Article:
Wednesday, June 6, 2012

Anniversary Trip

Monday, June 4, 2012
Today DarDar and I awoke in Torrey, Utah, in the cutest little rustic motel. Torrey is charming as the gateway town to Boulder Mountain and to Capitol Reef National Park.

We ate breakfast at the log cabin general store...I had southwestern fritatta, and Darwin had scrambled eggs, pancakes, and sausage.  Before you start drooling, let me tell you: his food was wretched...even to me.  Mine, however, was muy delicioso, and I mean that sincerely.  Wow.  

I was charmed by our motel and the picturesque market.  It had a deer horn for the handle on the screen door.

Torrey reminded me of growing up in LaVerkin.  They had open irrigation ditches gurgling with tempting water...and lined with grasses, weeds, etc.  
Capitol Reef National Park is right next door to Torrey.

We had a fun Sunday evening exploring the park at our leisure.  It’s filled with fruit orchards that were started by the original settlers.  I’m proud of the park service for keeping the orchards up.  The green of the fields and orchards against the red rock cliffs in gorgeous.

We were happily surprised to find some Gifford history at this park.

They sell fruit pies from the Gifford home every day but we missed it.  The ranger at the park said they were home baked by someone in Torrey and delivered fresh each day.
This is the view from the Gifford home's front lawn.  How would it be to wake up to that each day?
Since we paid our respects to the park last evening, we cruised on towards scenic Hanksville today.  I say scenic with tongue in cheek.  Hanksville is not so beautiful.  It’s like Mother Nature dropped a huge vat of bleach on the mesas and hills right outside the park...they become drab so quickly.  First there is an eerie blue-grey color like you are on a strange planet...then it fades to lunar landscape beige. I do NOT want a home in Hanksville, thank you very much.  The town looks as depressed as the surrounding hills.  We gassed up there at $4.20ish or so a gallon.  Some tourist in Torrey said he was  told that  gas was 50 cents a gallon cheaper in Hanksville.  Ha! Someone was laughing up his/her sleeve, I’ll bet.  Harrpumph!  We DID gas up at a real hole in the rock place...hole in the mountain is more like it.  The whole place was dug out of the hillside.  I felt rather like a hobbit!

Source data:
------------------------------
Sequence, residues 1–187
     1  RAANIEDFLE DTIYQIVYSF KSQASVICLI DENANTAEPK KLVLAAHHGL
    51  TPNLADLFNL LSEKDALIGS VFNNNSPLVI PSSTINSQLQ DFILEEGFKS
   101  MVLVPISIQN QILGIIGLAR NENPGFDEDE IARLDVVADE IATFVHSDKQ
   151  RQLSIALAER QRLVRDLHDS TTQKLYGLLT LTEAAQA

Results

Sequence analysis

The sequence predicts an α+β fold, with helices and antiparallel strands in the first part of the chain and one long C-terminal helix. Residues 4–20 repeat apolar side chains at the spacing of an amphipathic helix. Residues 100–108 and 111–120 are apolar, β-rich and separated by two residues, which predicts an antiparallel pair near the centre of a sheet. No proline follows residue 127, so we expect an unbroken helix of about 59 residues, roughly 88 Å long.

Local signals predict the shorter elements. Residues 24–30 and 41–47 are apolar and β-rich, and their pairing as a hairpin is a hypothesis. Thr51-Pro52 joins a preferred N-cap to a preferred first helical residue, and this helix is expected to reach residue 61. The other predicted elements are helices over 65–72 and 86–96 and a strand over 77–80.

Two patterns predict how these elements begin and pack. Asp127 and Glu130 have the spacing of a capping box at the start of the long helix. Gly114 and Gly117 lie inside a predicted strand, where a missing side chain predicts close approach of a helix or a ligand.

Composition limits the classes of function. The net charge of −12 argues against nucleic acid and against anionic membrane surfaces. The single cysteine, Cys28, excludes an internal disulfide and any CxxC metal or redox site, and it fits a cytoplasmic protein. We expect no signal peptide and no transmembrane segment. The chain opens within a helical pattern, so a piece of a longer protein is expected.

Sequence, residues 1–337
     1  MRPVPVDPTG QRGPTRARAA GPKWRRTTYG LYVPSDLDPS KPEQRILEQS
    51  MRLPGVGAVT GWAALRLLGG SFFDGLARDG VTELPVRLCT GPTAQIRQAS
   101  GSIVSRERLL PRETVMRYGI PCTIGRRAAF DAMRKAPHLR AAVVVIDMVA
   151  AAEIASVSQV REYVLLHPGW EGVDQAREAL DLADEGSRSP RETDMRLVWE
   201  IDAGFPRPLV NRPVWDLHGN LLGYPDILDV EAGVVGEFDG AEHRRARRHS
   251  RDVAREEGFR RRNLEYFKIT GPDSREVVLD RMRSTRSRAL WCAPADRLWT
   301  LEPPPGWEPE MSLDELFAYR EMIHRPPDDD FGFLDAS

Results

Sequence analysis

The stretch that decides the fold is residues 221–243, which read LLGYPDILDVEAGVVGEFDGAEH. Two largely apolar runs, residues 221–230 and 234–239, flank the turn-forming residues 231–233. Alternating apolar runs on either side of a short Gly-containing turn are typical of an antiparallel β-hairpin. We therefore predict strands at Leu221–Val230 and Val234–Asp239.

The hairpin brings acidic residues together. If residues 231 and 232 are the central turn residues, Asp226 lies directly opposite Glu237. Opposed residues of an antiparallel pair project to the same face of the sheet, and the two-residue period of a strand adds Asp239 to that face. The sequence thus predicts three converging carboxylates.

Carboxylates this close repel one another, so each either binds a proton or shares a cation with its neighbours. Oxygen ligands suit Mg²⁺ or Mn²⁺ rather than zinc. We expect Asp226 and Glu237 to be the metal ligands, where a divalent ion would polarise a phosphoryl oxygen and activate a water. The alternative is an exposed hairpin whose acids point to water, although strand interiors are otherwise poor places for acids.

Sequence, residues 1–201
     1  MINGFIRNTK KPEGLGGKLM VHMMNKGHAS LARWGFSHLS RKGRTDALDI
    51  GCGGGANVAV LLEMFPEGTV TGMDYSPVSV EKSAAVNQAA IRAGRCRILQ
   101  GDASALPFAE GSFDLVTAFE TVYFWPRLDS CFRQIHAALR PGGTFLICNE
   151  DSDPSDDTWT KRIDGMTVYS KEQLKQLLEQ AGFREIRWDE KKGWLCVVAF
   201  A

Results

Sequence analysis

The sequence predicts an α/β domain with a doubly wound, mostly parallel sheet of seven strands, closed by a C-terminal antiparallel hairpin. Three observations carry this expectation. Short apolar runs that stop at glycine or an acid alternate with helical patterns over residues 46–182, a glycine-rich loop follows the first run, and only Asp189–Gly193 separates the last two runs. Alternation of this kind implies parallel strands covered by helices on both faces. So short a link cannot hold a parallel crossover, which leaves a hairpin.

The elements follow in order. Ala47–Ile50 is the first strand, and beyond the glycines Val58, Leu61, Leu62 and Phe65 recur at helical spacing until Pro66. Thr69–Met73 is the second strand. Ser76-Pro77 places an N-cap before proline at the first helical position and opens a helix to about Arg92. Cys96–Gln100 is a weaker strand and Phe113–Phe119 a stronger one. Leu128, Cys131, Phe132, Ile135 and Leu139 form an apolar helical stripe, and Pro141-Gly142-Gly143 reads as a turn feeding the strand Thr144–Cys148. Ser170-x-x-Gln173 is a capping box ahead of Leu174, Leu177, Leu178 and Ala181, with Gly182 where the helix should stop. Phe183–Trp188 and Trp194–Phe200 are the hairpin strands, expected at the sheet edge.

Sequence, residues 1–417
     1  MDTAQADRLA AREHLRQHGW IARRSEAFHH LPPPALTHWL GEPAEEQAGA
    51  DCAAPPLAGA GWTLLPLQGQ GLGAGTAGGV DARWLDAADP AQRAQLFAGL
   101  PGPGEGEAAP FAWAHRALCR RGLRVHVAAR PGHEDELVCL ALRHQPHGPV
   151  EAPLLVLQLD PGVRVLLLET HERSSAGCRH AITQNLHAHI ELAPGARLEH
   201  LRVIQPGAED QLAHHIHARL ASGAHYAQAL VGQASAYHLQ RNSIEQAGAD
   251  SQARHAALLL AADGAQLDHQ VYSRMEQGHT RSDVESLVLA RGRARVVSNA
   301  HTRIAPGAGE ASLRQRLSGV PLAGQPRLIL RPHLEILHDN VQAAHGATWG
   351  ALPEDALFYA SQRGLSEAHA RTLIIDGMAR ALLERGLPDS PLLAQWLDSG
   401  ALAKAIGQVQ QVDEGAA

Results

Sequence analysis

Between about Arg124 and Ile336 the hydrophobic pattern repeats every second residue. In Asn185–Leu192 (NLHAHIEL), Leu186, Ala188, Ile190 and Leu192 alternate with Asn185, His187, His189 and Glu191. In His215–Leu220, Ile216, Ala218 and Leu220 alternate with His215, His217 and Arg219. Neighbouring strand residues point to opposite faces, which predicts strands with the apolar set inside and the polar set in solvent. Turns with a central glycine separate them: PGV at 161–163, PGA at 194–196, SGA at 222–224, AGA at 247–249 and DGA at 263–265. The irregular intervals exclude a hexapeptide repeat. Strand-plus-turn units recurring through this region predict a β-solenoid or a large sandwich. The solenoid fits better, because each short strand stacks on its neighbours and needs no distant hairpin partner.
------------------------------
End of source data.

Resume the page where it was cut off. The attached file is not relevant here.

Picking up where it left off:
Things prettied up fast as we left Hanksville to motor southward towards Lake Powell...highway 95, I think.  Our goal was to end up in Cortez, Colorado (where I’m writing this as DarDar snores gently), but we wanted to see Bluff, where the Hole-in-the-rock pioneers settled.  So we chose what we figured was the best route, and it WAS!!!  Oh, my.  The canyon we went down was amazing...rock so deep red it was almost purple...with more hoodoos and fanciful shapes than you can imagine.  We felt like we were being guided to the prettiest places...well...before and after You-Know-Where!  (Poor Hank, to have such a ghetto ville!)

Taken from car at high speed...not the most fanciful formations...just the ones I happened to catch!
We saw the beginning of part of Lake Powell down our canyon...suddenly the dry stream bed  wasn’t was muddy water, which quickly turned to green...and there was one arm of the lake.  My cameras (yes, both digital and cell phone!) were clicking away.  I could NOT stop myself.  Everywhere I looked there was another vision for the eyes.